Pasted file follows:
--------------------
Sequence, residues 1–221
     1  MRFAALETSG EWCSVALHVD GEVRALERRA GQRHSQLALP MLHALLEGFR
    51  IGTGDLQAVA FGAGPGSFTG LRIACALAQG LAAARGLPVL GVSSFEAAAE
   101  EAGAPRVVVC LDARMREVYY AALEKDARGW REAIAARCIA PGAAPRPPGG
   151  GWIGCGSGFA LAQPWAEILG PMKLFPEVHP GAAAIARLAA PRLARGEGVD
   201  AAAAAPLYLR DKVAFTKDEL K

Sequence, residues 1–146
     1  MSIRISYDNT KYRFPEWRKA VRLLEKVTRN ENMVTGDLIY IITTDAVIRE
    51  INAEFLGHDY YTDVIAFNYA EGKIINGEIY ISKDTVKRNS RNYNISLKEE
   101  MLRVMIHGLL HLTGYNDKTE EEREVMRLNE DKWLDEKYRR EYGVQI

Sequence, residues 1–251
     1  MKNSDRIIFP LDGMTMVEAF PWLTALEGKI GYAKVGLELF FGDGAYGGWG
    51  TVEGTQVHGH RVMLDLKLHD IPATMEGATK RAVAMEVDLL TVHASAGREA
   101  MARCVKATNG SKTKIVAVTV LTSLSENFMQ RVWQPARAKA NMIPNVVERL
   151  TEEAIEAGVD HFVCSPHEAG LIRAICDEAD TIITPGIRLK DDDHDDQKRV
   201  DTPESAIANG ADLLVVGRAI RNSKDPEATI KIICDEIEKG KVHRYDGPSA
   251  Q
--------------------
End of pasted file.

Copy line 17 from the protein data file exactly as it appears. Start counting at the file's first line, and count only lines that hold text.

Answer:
   251  Q